Why film a timelapse with Octolapse? Because it looks awesome!
I film all of my 3D printing timelapses using the Octolapse plugin for Octoprint.
I run Octoprint on a Raspberry Pi 3B, and use a Logitech C920 camera.
You can read about Octoprint and Octolapse here: https://octoprint.org/ – https://plugins.octoprint.org/plugins/octolapse/
You can download my current Octolapse configuration: Download
Read the Octolapse wiki. It’s full of good information.
Q: How do I take higher resolution stills with Octolapse?
To take higher resolution images for your timelapse, you can edit the /boot/octopi.txt file in your Octoprint installation.
I use PuTTy to connect to my Raspberry Pi so that I can edit the /boot/octopi.txt file.
Read through the comments of this file, they explain how it works and how the settings will influence the camera.
The specific setting that I use is: camera_usb_options=”-r 1920×1080 -f 3″
This takes stills at 1920×1080 resolution, and the stream preview is at 3fps. A higher framerate will result in a smoother preview stream within Octoprint, but it increases the strain on the Pi.
Q: How do I adjust the image quality, white balance or focus?
To get higher quality timelapses out of your camera, you need to manually adjust your camera settings inside of the Octolapse tab within Octoprint.
You need to enable the default mjpegstreamer control.htm page.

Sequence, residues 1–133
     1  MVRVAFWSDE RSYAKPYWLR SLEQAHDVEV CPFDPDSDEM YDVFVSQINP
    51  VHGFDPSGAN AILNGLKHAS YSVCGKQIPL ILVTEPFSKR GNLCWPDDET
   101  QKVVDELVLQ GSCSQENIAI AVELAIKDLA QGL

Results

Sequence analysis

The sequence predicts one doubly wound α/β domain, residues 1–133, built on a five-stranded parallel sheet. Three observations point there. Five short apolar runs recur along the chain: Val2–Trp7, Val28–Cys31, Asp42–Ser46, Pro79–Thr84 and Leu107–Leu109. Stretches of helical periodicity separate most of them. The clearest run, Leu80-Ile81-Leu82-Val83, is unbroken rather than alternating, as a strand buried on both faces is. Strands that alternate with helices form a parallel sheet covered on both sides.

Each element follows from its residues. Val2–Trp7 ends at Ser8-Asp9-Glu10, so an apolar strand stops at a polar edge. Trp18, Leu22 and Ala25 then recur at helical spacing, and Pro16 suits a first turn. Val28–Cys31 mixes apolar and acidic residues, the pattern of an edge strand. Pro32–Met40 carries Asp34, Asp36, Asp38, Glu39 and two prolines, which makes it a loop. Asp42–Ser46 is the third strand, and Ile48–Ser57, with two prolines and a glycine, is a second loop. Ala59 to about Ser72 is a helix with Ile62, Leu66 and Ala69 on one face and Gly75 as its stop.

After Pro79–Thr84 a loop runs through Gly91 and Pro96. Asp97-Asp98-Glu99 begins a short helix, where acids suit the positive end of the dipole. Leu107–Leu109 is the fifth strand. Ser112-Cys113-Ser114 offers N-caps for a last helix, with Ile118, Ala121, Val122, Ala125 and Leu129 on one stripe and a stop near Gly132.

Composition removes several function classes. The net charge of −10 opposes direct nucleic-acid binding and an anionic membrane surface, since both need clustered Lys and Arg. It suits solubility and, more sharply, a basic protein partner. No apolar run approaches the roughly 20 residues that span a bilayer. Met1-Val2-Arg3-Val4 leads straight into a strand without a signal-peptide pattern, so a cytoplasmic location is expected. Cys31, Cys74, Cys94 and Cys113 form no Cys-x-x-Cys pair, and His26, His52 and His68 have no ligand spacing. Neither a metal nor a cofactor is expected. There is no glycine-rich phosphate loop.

Instructions here: https://github.com/FormerLurker/Octolapse/wiki/Troubleshooting#why-cant-i-change-contrast-zoom-focus-etc
Manual focus, white balance and manual exposure are helpful options to enable.
Things like contrast, brightness, focus level, etc all depend on your specific setup. You will need to spend some time adjusting these to get the best results.
Put something on your print bed, and use that as a reference while adjusting your settings.
Q: Why does Octolapse reduce print quality or cause performance issues?
It is helpful to match your printer settings in Octolapse with the printer settings in your slicing software. Go through the settings, and make sure that all of your Octolapse and Octoprint settings match your slicer settings.
If you run into issues with stringing, try increasing your retraction and reduce the snapshot delay in Octolapse.
Try increasing non-print movement speed in your slicer.
If you get stuttering/jittering in your timelapse, then you most likely need to increase your snapshot delay and adjust your exposure.
Q: What settings should I use for exporting?
It depends. For my needs, I find that a fixed 30FPS MP4 at 18000K bitrate works well. Then I do color correction and scale the video during editing.
Q: I get flickering in my timelapses. What can I do?
Adjusting your manual exposure setting, as well as your snapshot delay can help. It’s important to have very consistent lighting and printer positioning through the entire timelapse. Try not to walk around the camera, lights or printer while it is recording the timelapse to get the best results.
This video by Blue Mantle Films shows a very helpful trick for reducing flickering in editing: Video Link